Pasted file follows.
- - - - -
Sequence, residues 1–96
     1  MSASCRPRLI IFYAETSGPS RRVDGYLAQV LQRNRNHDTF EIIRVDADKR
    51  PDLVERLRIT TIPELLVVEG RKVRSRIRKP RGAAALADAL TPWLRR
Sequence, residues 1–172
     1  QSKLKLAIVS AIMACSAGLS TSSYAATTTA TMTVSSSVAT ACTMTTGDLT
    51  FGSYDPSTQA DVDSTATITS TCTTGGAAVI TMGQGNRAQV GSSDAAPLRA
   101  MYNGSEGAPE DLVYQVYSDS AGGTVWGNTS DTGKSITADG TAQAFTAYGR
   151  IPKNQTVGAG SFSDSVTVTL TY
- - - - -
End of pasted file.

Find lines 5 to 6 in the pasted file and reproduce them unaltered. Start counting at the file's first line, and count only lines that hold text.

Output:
     1  QSKLKLAIVS AIMACSAGLS TSSYAATTTA TMTVSSSVAT ACTMTTGDLT
    51  FGSYDPSTQA DVDSTATITS TCTTGGAAVI TMGQGNRAQV GSSDAAPLRA